Tactical Air Command and Control Specialists
THE STRONG SHALL STAND
THE WEAK SHALL FALL BY THE WAYSIDE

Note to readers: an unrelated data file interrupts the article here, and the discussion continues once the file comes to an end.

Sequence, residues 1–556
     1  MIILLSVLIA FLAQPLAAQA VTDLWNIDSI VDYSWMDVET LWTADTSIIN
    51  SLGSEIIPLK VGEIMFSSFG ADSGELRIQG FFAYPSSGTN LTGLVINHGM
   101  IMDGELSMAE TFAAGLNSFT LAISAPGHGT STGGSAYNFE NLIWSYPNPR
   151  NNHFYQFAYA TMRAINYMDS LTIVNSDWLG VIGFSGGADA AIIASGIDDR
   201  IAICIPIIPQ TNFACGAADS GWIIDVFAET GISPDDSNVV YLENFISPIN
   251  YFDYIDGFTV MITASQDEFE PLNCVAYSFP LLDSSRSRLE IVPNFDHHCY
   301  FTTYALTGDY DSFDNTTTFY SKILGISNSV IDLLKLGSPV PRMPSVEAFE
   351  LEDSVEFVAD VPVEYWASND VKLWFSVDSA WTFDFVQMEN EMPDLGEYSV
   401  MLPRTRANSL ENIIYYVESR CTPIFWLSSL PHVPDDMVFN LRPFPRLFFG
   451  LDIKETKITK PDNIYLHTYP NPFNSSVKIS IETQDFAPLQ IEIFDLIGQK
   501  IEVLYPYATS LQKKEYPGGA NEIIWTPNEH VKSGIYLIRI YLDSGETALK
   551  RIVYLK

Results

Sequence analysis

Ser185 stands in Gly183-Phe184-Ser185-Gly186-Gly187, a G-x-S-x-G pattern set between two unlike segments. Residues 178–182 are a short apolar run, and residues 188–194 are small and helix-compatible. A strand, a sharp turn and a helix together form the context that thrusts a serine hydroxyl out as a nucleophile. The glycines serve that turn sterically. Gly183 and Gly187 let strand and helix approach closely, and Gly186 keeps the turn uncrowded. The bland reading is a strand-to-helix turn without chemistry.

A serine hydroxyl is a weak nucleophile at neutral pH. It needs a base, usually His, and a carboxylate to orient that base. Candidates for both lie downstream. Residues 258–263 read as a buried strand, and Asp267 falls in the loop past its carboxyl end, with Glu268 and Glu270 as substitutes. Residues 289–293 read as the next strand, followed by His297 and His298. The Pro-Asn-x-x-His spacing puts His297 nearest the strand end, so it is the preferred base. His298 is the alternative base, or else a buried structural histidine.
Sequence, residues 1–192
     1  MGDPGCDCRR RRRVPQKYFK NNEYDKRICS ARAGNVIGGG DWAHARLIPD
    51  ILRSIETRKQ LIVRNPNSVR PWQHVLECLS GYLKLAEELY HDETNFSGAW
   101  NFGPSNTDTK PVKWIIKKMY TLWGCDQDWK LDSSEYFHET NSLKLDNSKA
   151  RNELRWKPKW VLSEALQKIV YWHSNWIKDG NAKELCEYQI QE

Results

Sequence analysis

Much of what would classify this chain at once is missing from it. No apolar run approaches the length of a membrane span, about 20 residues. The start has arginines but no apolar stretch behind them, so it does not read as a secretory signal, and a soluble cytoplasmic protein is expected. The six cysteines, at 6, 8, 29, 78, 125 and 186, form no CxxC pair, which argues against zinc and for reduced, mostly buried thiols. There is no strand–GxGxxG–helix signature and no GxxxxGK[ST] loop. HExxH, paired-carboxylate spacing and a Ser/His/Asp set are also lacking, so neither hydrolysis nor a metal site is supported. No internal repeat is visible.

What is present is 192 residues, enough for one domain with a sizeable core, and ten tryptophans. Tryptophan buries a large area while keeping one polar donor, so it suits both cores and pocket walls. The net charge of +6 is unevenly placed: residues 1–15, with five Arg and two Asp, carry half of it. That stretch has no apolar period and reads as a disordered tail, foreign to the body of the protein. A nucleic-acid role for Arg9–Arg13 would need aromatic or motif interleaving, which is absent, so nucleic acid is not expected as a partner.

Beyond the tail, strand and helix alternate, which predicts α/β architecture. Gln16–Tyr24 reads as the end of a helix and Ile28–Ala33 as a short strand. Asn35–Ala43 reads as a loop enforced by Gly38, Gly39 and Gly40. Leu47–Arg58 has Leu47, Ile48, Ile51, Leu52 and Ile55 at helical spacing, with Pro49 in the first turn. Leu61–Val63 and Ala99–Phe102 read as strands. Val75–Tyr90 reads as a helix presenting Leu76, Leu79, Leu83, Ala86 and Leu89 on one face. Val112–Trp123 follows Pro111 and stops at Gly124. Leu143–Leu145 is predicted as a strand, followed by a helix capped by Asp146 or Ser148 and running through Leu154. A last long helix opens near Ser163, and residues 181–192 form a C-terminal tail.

The Forward Air Control mission dates back to World War II. Unfortunately information from that time period is sketchy. During Korea and Vietnam the Ground FAC mission came unto its own. I will attempt to fill in as many blanks as possible. During the Vietnam conflict, the role of the Forward Air Controller was redefined. Not always were they flying low over the jungle looking for targets. Now they were on the ground, attached to ground maneuver units (The Army, Grunts, Foot Sloggers, Crunchies..take your pick). Their mode of transport was the M-151 Ford jeeps with a heavy communications pallet in place of the back seats. To keep this radio equipment in good working order a maintenance tech, a 304X4 (Radio Repairman), was assigned to the "System" This ROMAD (Radio Operator Maintainer And Driver, an enlisted guy) was to assist the FAC (an officer, usually a Lieutenant or Captain) in getting around the country and more or less stay out of harms way. During the early years of this mission, the personnel who did it were not chosen because they were Gung-ho or highly motivated. It was their turn. Pure and simple. Some of the enlisted ROMADS made a name for themselves and others were just faces in the crowd. The 275X0 AFSC, (Tactical Air Command And Control Specialist) was separated from the 304X4 AFSC in 1977. This new AFSC was established because ROMAD duties were being performed by 304X4's even though these duties were not reflected in their specialty description. This became a concern because less than thirty three percent of ROMAD duties involved radio maintenance, causing training problems and loss of proficiency in actual 304 duties. This coupled with no formal training standard developed for ROMADs, prompted a proposal from "The Gang of 5" (Suarez, Thurman, Wachs, Fiscus and Mack) to Air Staff to create an AFSC that directly handled ROMAD duties. Also lobbying for us was Col. "Rumbles" Ruhman (Shorties Boss), Capt. Garrison the Tactical Air Command Point man and Maj. "Tony" Namlick the AGOS point man. Effective 30 April 1977, AFSC 275X0 was established to perform ROMAD duties exclusively. When the award of the AFSC took place, the Air Force needed people to man the new positions. Who better than the people that had been doing it prior to April?. Most of the personnel grabbed were either returning from overseas or were in overage slots in the 304 job. Most of the "New" ROMADs were not really happy about being drafted like this. The 304 personnel parachute qualified were able to move freely from TACP (Tactical Air Control Party FAC + ROMAD + M-151 = TACP) to CCT (Combat Control Team, overqualified Air traffic controllers). The CCT was under the 24 man team concept. 6 Positions for 304s for radio repair and 18 Air Traffic controllers. The CCT were authorized berets, "High Speed" (Newer) equipment, and other amenities such as pay bonuses. The TACPs were treated rather like step children by Tactical Air Command. In 1979, Military Airlift Command (Owners of CCT) decided to eliminate the 304 slots. Now the 304s had to make a quick choice, find a job as a radio repairman, cross train to the CCT or cross train to the TACP. Most took the TACP. Since its inception in 1977, the 275X0 (1C4X1) has made a place for himself in history. The next time you watch CNN and see an air strike going into an enemy target, see if you can see the guy wearing Air Forces *****es and a microphone stuffed into his face.